On 10.09.22 I walked to Titchfield Haven via Titchfield Village; visiting the fascinating monument to the Earls of Southampton in Titchfield Church of St John; and walked back via Stubbington Village


Titchfield Village


Post box topping


St Peter's Church, Titchfield


The monument to the Wriotheselys, the first two Earls of Southampton; who acquired power and wealth through association with Henry VIII and Elizabeth II. The monument is an extraordinary record of Renaissance self-fashioning - the hair, beard and moustaches of the Earls of Southampton, and their clothes, are carefully recorded in much detail in the tomb sculpture (and great attention is payed to the heraldic beasts; cows). How you looked in English Renaissance courts was very important!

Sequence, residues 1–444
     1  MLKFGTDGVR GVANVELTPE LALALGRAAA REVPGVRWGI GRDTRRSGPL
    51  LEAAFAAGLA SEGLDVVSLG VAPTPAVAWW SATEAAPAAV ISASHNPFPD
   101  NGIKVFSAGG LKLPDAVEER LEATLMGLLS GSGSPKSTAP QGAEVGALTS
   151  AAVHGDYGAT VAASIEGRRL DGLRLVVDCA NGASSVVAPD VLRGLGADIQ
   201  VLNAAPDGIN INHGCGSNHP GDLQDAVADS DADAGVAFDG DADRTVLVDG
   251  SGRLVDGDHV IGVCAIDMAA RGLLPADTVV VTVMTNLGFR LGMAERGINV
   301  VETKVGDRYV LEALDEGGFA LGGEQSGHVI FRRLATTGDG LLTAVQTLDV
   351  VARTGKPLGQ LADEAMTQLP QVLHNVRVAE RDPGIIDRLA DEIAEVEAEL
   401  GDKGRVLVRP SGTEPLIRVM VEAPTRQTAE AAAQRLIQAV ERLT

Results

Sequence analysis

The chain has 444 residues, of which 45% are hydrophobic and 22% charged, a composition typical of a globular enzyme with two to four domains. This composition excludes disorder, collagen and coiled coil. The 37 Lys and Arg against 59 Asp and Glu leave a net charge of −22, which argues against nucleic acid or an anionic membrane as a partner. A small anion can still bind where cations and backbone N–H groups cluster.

Thomas Wriothesley became a clerk to Thomas Cromwell in 1524, the great political strategist and secretary to Henry VIII, and became Henry's Clerk of the Signet. After the dissolution of the monasteries he was given extensive lands in Hampshire, particularly Southampton and Winchester. Cromwell fell out of favour with Henry VIII but Wriothesley did not. He was knighted and in 1544 became Baron of Titchfield. Henry then made him Earl of Southampton in 1547.


His son, Henry, was honoured by having King Henry VIII as Godfather and went on to become the second Earl of Southampton. Henry had an on-off relationship of favour with Elizabeth I and he commissioned the Wriothesley Monument. The figures are of his father Thomas, and his mother, Jane, and himself. The sculptor was Gerard Johnson, a Flemish mason.


Henry's son, also a Henry, became the 3rd Earl of Southampton, famous for his relationship with Shakespeare.


The Titchfield Canal path